It’s also a good idea to include something allowing other publication types for the images. For example, if you’d like to submit the images to a bridal magazine.
9. What if You Can’t Shoot the Wedding?
Photographers are only human. So what happens if something prevents the photographer from shooting the booked wedding? What if you’re ill and can’t shoot? What if an accident or unforeseen event prevents you from attending the event?
Your contract could include that you will first make every effort to find a replacement photographer to cover the wedding day. If that’s impossible, then your client will receive a full refund.
10. What if the Wedding Gets Cancelled?
Cancellations aren’t common, but they do happen. The wedding photography contract should detail what happens in this case. Include how much of the payment is refundable in the event of cancellation.
11. What Happens if the Date Changes?
Wedding dates can sometimes reschedule. What happens to the couple’s deposit if that happens? A wedding photography contract might say if the new date is available, the deposit will be good for that.
If you’re unavailable for the new date, the deposit is usually forfeited, just as with a cancellation.
12. What if You Miss a Shot?
Photographers often don’t know who’s important to the bride and groom. For example, a family member might not show up to the family photos, or the bride and groom forget to tell you about a specific shot that they want.
We recommend that couples appoint a family member to help during family images. This is great for getting the family together for the formals. This person may also be better able to determine when someone important is missing.
13. Can Guests Take Photos Too?
If a family member steps in front of the photographer during the kiss, is the photographer liable for missing that moment?
Some photographers will ask for unplugged weddings. Others request that the couple reminds the guests to be considerate of the photographer.
14. How Much Are You Liable For?
If the unthinkable happens, how much are you liable for? Many wedding photographer contracts include a statement that liability is limited to the amount that the couple paid.
A lawsuit may mean the photographer has to refund the entire fee, but the liability cannot go over what the couple paid the photographer.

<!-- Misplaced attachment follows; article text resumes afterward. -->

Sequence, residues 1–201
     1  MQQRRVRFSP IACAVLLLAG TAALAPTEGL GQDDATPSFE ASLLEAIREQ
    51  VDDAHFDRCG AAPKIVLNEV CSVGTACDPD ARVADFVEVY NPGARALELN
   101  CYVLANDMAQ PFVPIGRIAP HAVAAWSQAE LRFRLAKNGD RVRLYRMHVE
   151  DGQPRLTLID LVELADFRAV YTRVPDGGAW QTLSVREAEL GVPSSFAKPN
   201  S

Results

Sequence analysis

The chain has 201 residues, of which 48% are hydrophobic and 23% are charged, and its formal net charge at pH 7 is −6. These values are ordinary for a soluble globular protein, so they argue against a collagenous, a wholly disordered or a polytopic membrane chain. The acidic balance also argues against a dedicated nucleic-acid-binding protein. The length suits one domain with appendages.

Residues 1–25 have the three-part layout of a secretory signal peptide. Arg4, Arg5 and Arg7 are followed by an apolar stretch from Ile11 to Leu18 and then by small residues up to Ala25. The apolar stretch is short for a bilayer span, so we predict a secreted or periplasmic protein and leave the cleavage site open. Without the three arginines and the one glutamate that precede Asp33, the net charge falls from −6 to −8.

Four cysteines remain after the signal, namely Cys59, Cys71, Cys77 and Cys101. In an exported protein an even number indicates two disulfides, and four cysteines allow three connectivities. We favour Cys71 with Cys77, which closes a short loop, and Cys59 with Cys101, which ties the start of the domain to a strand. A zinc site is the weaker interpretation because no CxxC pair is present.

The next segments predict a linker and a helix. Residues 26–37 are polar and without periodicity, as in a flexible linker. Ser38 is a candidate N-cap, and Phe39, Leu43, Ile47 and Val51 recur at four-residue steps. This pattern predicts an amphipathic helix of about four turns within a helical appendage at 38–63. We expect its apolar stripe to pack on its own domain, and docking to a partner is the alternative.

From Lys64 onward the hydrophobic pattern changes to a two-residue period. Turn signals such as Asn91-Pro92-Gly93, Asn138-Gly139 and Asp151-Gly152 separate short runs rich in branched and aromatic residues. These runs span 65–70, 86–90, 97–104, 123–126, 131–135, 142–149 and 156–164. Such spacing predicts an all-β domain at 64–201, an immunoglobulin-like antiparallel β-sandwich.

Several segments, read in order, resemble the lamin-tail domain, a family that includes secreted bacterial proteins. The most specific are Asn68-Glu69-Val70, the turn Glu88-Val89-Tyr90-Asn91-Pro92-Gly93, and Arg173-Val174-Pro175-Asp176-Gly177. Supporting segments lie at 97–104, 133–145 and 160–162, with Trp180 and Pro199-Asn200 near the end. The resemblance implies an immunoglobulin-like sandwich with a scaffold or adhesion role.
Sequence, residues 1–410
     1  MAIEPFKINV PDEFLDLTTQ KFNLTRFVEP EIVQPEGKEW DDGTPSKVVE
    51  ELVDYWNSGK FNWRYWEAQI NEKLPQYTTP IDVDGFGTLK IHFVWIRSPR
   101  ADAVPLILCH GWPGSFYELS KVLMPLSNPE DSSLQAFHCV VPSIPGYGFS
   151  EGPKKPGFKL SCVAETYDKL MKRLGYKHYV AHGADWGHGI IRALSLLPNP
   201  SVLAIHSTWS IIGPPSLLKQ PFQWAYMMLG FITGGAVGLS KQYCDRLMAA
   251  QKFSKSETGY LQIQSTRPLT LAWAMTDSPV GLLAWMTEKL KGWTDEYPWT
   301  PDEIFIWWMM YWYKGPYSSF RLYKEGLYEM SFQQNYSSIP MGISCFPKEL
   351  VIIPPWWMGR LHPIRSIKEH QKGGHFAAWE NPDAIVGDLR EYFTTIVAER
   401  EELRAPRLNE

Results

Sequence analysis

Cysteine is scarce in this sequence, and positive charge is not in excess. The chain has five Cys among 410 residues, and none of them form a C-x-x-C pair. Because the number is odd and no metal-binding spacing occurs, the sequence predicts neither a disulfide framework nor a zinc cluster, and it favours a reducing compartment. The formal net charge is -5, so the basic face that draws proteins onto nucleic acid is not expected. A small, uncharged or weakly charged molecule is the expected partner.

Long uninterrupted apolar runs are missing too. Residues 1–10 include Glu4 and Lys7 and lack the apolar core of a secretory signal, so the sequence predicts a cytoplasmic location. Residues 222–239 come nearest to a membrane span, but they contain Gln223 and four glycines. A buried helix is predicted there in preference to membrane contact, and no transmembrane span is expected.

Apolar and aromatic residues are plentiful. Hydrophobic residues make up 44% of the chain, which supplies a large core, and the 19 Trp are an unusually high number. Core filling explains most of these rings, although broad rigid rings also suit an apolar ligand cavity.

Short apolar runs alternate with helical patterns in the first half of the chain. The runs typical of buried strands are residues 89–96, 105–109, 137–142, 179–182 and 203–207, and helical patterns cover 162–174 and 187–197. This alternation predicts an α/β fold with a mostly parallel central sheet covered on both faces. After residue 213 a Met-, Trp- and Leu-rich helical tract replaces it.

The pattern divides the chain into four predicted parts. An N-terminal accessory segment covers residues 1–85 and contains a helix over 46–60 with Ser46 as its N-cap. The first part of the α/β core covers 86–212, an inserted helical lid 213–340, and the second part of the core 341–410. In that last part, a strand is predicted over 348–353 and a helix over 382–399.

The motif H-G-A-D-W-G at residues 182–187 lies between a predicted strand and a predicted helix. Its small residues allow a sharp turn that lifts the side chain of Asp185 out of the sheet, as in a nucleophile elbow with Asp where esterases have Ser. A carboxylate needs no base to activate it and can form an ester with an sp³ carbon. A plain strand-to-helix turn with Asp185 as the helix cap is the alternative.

15. What About Breaks, Food, and Assistants?
Wedding photography is a long stretch of shooting. Some photographers add breaks into the contract to leave some time to rest or eat during the day.
And speaking of food, are the bride and groom expected to include the photographer in the headcount for the caterer? Some photographers choose to require this. Another option is to leave it up to the couple and bring a packed meal.
Some places have a maximum building capacity. For this reason, the contract should include how many assistants you can bring. Also, the assistants have to be paid as well, so it should be calculated into the fee.
16. When Will the Couple Receive the Images?
Finally, take time to answer every couple’s question after the wedding is over. Include a reasonable range of time for the delivery of the final products in the contract.
This varies with your workflow, but be sure to leave a bit of wiggle room in case there are any delays in the editing process. It’s always better to surprise a couple with their photos early than it is to apologise for being late.
Free Wedding Photography Contract Template
To make your work easier, we have created a wedding photography contract template that you can download here. Make sure to customize this template so that it fits your needs and photography services.
Wedding contracts for photographers are legal documents. They also assure the photographer and the couple are on the same page from day one.
Starting with a template is fine, but don’t forget to ask all the right questions. Discussing expectations in advance makes you less likely to have a dissatisfied client.
Do you want to improve the composition of your wedding photography? Read our guide on intuitive composition.